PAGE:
Exposure to SE Queensland commercial property market causes Bank of Queensland's first bank loss in 20 years

Bank of Queensland (BOQ) has posted the first full financial year Australian bank loss in 20 years, in part, due to its exposure to the declining south-east Queensland commercial property market as well as from operating in a tougher overall credit environment.

It reported a full-year loss of $17.1 million, compared with a net profit of $158.7 million in the previous 12 months.

It reported a 100% increase in its loan impairment expense of $401.0 million, compared with a prior year expense of $200.5 million.

“The increase in impaired assets is a result of a thorough independent review of the bank’s commercial loan portfolio and the continued decline in commercial property prices in Queensland in the first half,” reported the bank in its full-year accounts.

The bank’s $5.1 billion business and agricultural loan book is now in run off “due to impaired property asset realisations”.

BOQ chief executive Stuart Grimshaw, who took on the role in November, said today the bank was seeing stabilisation in the commercial portfolio, with “no new large impaired exposures” in the second half of the year.

The last Australian bank to report a full-year loss was ANZ, which made a $579 million loss two decades ago.

BOQ was profitable in the second half of the year and expects to return to profitability in the current financial year.

Commenting on the results, Grimshaw said the bank continued to operate in a low credit growth environment but was seeing signs of consumers returning to the housing market.

“Consumers are behaving cautiously and paying down their debt. More than 40% of Australian mortgage holders are at least one year ahead of schedule on their repayments.

“Household savings are at levels not seen since the late 80’s, despite falling interest rates.

“We are starting to see some early signs of consumers returning to the housing market, evidenced by auction clearance rates in capital cities improving,” he said.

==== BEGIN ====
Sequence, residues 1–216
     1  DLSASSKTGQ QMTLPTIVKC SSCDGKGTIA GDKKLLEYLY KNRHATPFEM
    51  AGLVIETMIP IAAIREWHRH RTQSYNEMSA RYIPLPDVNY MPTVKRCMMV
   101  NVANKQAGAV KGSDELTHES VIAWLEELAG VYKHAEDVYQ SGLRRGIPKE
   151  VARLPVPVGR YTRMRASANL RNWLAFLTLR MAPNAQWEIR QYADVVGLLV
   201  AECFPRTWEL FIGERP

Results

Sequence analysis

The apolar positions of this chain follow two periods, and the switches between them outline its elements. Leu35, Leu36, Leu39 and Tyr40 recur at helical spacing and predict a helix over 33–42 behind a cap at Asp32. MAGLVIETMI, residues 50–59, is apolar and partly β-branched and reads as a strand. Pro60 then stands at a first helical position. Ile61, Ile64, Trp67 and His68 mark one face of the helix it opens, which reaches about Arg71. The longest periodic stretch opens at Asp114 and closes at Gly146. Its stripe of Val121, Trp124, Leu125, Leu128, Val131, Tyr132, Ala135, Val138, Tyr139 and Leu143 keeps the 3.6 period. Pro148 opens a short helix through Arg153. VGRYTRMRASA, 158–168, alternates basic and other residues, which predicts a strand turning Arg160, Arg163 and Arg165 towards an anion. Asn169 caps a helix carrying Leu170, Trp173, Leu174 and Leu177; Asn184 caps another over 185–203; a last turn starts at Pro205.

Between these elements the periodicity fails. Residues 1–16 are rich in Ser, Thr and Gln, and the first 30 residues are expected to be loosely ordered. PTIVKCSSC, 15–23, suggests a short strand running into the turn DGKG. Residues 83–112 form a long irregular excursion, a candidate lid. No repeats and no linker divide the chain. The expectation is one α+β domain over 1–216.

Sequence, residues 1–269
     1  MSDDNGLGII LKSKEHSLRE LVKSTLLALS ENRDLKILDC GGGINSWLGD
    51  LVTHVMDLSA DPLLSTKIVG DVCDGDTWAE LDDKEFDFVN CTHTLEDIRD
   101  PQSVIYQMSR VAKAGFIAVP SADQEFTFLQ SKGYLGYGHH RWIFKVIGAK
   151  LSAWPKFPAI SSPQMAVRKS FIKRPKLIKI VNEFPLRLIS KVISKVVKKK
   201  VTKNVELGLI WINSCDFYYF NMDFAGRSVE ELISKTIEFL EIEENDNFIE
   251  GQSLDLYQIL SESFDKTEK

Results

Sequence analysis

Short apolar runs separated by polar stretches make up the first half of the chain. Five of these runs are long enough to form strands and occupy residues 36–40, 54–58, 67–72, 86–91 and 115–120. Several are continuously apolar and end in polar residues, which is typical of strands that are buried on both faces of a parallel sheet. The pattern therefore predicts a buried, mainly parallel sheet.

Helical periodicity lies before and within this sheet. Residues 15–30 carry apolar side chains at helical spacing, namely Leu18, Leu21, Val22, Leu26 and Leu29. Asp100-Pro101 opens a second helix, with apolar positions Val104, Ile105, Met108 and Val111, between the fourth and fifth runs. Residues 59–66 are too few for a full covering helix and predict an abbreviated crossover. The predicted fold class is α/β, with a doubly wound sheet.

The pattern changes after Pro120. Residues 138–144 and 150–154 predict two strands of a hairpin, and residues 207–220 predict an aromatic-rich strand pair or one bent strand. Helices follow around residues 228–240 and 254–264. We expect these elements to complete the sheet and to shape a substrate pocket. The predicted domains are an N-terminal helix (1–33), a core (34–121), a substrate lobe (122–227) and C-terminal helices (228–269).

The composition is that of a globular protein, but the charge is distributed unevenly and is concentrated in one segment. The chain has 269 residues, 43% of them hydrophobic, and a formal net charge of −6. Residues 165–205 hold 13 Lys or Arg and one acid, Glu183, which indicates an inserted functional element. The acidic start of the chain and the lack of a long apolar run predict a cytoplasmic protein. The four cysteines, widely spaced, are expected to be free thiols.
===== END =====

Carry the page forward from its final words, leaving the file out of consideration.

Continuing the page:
“Stronger credit and collection processes are now in place and our risk management capability is vastly improved."

BOQ does 60% of its lending in Queensland with 16% in Victoria, 13% in NSW and 8% in WA.

It will look to tap into the bullish WA property market with an increased retail presence and use of mortgage brokers.

The bank expects the WA economy to continue to exhibit strong GDP growth and believes there is “significant opportunity to improve its market share using a multi?channel approach".

BOQ quit the mortgage broker market in 2004 to focus on its owner-managed franchised branches, but has recently returned to using brokers selectively to expand its footprint outside of Queensland.

The bank grew its home loan book by 5.1% over the financial year from $24.15 billion to $25.36 billion and also reported a decrease in the proportion of borrowers more than three months behind on their mortgage repayments from  0.93% in the first half of the year to 0.7% in the second half.

However, it also reported a tightening of net interest margins from 2.01% to 1.98% as well as increasing reliance on more retail deposits  (rising from 56% to 59% of funding). 

The improvement in arrears performance is across all states.

Despite the loss, the BOQ board approved a fully franked final dividend of 26¢ per share, taking the full year dividend to 52¢ per share.

Larry Schlesinger

Larry Schlesinger

Larry Schlesinger was a property writer at Property Observer

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